Tomato Plant Support/Growth


I have numerous tomato plants out on my porch. This is my first time growing them from seed, so I'm new to this. They're getting morning sunlight and some have started producing fruit. However, I didn't expect all of them to live so long/grow so big because this is my first time growing them. They're about 4-5 feet high, and the only thing that's supporting them is each other. I put the containers close to each other on the ground so they wouldn't all fall over, but now I need something else to help with the support. I've found that I left this to the last minute, and can not find any support systems in the stores. Is there a cheap, EASY way to get them the support that they need?

Also, I underestimated the root systems of each plant, they're in small rounded pots (which I thought were big at first, but later realized that I was wrong). And again, I can not find any bigger ones in the stores because I left it so late. Any suggestions would be much appreciated.

Thank you.


Hi Gardener,
I think what you might need to do is first transplant the plants into "something" else. If the stores in your area are out of large containers, try using something like a 5 gallon bucket. Some places, such as craiglist, list them for free. Just make sure in what ever you use, drill a few holes into the bottom so water can drain out (Drainage concerns.) The possibilities for containers is endless.

As far as support, again, if stores are out of supplies, try any type of stake or something you can make a stake out of. A broom handle for instance would make a great support. Just stick it into the container and then tie up your tomato plants to the pole, etc.

Sounds like you have a green thumb!!
Good Luck!

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late season tomato support/growth
by: suzette trimmerAnonymous

I agree with Brad 100%. But as he said it is not too late to reap a wonderful harvest. I have used sawed off DEER PARK 5 gallon water containers. Just cut at the very top where the curves start. I have even painted them with white spray paint 99 cents a can. Then stenciled designs from local craft store. neighbors come up to me and ask where i bought such wonderful containers. I fill the bottom with sytform pieces at the bottom and drill several holes on the bottom and along bottom side.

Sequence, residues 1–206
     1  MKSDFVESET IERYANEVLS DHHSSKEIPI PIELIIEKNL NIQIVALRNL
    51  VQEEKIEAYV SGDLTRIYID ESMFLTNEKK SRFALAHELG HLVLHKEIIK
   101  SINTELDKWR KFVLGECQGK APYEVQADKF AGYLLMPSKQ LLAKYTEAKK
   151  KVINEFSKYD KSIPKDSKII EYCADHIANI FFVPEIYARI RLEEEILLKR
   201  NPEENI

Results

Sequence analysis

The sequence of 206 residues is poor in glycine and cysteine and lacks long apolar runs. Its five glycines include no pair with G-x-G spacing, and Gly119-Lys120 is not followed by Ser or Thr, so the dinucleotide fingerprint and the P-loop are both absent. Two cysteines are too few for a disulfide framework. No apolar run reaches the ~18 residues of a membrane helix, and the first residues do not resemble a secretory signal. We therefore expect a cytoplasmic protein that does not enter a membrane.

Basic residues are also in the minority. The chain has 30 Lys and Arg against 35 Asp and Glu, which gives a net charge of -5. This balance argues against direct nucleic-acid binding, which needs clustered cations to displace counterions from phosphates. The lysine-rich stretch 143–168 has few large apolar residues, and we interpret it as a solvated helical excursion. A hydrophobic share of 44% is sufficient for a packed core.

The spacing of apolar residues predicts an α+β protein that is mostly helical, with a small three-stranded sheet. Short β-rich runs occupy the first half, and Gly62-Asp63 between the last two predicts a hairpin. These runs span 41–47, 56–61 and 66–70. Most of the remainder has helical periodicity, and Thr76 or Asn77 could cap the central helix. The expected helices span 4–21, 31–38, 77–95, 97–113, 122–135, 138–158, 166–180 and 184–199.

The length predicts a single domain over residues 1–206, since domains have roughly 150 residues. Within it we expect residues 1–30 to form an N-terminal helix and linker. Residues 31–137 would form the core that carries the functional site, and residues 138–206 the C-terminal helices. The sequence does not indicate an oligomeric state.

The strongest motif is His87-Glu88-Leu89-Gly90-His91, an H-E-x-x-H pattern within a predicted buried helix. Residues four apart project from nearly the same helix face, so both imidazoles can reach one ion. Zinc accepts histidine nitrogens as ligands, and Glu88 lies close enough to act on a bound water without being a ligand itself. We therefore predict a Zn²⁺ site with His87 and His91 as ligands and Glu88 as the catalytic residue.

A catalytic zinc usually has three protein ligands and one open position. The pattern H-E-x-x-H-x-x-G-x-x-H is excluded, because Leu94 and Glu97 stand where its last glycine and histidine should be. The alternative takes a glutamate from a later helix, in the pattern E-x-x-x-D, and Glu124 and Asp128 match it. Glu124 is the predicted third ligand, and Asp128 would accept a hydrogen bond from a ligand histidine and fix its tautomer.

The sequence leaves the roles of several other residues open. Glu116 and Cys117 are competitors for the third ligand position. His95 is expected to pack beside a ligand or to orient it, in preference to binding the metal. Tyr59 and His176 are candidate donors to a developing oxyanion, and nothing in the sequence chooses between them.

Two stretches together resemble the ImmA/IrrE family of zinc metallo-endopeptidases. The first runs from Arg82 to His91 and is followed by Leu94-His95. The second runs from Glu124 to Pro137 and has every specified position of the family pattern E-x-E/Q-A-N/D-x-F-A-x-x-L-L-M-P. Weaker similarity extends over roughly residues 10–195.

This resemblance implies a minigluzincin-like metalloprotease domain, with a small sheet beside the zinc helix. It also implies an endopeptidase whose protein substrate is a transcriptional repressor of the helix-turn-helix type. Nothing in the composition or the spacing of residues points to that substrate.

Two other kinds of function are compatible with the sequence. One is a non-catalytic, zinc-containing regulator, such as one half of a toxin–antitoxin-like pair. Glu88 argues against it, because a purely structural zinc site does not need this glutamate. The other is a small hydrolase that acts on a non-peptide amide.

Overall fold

As for staking be careful to not break off heavy branches, ask for someone's help to complete this project if possible. As for stakes I have used with success a number of weird house hold objects. Everything from unused trim to broom handles as Brad mentioned curtain rods, even tree branches I collect on dog walks. With the tree branches I am very careful to scrub down and sand off the outer finish so to speak as to not introduce any fungi or other germs that could hurt my huge tomato plants. I also ALWAYS plant marigolds in and all around my tomato plants this has proven a sure fired measure against hook worms. Plus they look great since the bottom is bare. Why is the bottom of my tomato plants bare you ask. Because I think one should pinch off all leaves and branches growing near the bottom. So as the plant grows taller the more bottom leaves are sniped off. They are only depriving the rest of my plant the nutrients that are needed to go to the top for the plant where my tomato grow. Also one last piece of advice i would ad is the re-use of my eggs shells. I collect and scatter them into their dirt as often as possible. I never waste any money on fertiliser.
Best of luck hope some of this helps.

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